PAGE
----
I love single herbs that seemingly do everything.
Their complexity could inspire a lifetime of devotion to learning the intricate ways they could be used for food and medicine, as well as the ways they support their habitat and the gifts they bring the earth. Single herbs that can be used in a variety of ways are called “polycrest herbs.”
At first glance marshmallow seems like a specific plant. Its claim to fame is being the #1 go-to demulcent herb for many herbalists.
Demulcent herbs are slimy and thick and are typically used to soothe mucous membranes. Like many demulcent herbs, marshmallow is cooling and moistening, bringing relief to hot and dry conditions.
Despite having the specificity of being a demulcent herb, marshmallow (Althea officinalis) is a polycrest herb. It’s been used for centuries in a broad range of ways. The genus name for marshmallow is derived from the Greek word altho, which means to cure. This gives us a powerful indication of how highly regarded this plant was in ancient times.
Marshmallow root has been the featured herb at HerbMentor.com.
I’ve really enjoyed getting to know this wonderful plant on a deeper level by making a variety of preparations with it. Most often though, I use it as a tea.
The majority of the time we make teas and long infusions we use hot water to extract the plant material. But marshmallow roots are typically prepared using cold water.
Marshmallow roots are high in polysaccharides and starches. By using a cold infusion you extract mainly the mucilaginous polysaccharides. If you simmer the root you also extract the starches in the plant (which is okay; the cold infusion is considered to be a purer extract of the mucilage.)
Today, we are going to learn how to make a cold infusion out of marshmallow roots and then explore the myriad of ways this single preparation can be used.
To make a cold infusion you will need:
- a jar and lid
- marshmallow root (You can buy marshmallow root here)
- lukewarm water
To make this preparation, simply fill a jar 1/4 of the way with marshmallow root.
Then fill the jar with lukewarm water and cover with a lid.
Let sit for a minimum of 4 hours or overnight. The water should change color to a soft yellow.
Strain off the roots. The resulting liquid should be thick and viscous.
Now that we see how easy it is to prepare this root let’s look at the many ways we can use it!
Marshmallow makes a wonderful mouth wash for painful mouth conditions. Mouth ulcers, canker sores, cuts on the inside of the cheeks, inflamed gums and even sore throats are soothed with a marshmallow rinse. Simply swish the cold infused tea around in your mouth to coat the affected tissues.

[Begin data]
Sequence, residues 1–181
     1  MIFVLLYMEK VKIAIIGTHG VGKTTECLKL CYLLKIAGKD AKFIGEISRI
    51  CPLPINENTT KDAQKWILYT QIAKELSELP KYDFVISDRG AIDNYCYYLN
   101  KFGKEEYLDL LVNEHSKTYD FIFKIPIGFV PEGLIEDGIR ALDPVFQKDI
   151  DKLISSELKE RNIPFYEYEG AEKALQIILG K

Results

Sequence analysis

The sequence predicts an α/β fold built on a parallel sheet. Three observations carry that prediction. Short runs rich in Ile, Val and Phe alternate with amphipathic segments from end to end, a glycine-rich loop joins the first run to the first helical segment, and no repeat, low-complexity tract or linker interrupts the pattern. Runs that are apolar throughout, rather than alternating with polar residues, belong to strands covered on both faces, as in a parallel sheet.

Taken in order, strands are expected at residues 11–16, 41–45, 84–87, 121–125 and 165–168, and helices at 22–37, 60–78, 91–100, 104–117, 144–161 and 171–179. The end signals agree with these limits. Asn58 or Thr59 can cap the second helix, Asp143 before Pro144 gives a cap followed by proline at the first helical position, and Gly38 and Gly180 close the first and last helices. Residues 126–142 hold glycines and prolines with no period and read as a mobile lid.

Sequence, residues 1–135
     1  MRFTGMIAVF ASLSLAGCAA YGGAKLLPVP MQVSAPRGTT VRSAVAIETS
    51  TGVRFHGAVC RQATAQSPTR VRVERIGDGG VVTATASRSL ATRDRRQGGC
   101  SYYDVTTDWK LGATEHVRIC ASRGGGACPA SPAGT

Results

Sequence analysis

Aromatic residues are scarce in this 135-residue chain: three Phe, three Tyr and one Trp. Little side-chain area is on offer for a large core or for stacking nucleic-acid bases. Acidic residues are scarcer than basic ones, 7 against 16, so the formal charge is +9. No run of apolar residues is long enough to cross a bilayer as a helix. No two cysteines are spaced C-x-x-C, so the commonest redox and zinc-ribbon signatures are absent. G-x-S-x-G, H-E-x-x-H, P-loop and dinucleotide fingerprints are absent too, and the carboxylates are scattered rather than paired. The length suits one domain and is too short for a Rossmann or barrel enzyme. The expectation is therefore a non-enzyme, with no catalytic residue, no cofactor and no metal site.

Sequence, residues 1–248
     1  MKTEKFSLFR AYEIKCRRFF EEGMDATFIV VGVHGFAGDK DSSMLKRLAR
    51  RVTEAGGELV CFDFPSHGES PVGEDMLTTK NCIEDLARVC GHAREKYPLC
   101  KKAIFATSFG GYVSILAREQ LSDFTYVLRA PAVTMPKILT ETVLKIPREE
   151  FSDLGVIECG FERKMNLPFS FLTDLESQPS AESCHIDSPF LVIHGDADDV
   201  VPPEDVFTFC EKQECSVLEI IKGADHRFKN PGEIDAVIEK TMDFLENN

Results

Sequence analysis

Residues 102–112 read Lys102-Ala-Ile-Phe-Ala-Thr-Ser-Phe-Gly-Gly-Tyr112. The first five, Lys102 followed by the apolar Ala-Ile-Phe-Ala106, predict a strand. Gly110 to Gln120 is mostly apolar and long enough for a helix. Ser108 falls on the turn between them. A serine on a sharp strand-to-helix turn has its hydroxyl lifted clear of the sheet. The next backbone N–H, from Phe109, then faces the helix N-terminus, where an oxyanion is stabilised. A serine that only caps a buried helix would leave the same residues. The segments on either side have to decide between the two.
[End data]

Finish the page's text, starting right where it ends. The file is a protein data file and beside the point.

Heartburn home remedy and Ulcers
Try adding a little peppermint to the cold infusion to find relief from heartburn, peptic ulcers, and inflamed intestines. Besides being able to soothe inflammation, marshmallow root is also a vulnerary, healing wounds within the digestive tract. Herbalist Paul Bergner calls this a bandaid for the stomach. Of course, addressing the root cause of these issues is recommended for long term care. It’s a great heartburn home remedy.
Marshmallow root is an amazing topical treatment for wounds and burns. In the past it was called mortification root because of its ability to prevent gangrene.
Externally, marshmallow root is very useful in the form of poultice, to discuss painful, inflammatory tumors, and swellings of every kind, whether the consequence of wounds, bruises, burns, scalds, or poisons; and has, when thus applied, had a happy effect in preventing the occurrence of gangrene. The infusion or decoction may be freely administered.
–King’s American Dispensary, 1898
Marshmallow works in complex ways. It is used as a lubricating demulcent for the lungs and for the urinary tract, even though it never comes in direct contact with these surfaces.
Herbalist Jim McDonald explains:
Though it makes sense that demulcents coat tissues, the physical mucilage is actually very poorly absorbed by the body, and certainly isn’t traveling through the blood to the kidneys. Rather, the ingestion of mucilage seems to promote a systemic moistening of tissues throughout the body, with some demulcents being more specific to particular organ systems.
–Jim McDonald, Herbalist
Colds and Flu
Marshmallow is a wonderful plant for the cold and flu season. It can soothe an inflamed sore throat. It stimulates phagocytosis, an important part of the immune system and it’s even used to moisten the lungs in cases of dry hot conditions, such as hot coughs with little to no expectoration. Recent scientific research has shown it to be a powerful anti-tussive herb as well. I commonly recommend it for post infection coughs – these are the ones keeping you awake at night long after the illness has passed.
Herbalists frequently use marshmallow for urinary problems such as cystitis, kidney stones, and bladder infections. Besides soothing the urinary tract it is also a diuretic, which can be of further aide in many urinary problems.
Marshmallow root is considered safe for everyone to use although it is recommended to be taken several hours after taking prescription medications as it may inhibit the absorption.
Marshmallow plant is specific for many common ailments, yet has a complexity that renders it useful for a myriad of problems. We hope you enjoy learning about marshmallow and are able to create a variety of herbal remedies from this versatile plant for the well-being of your family.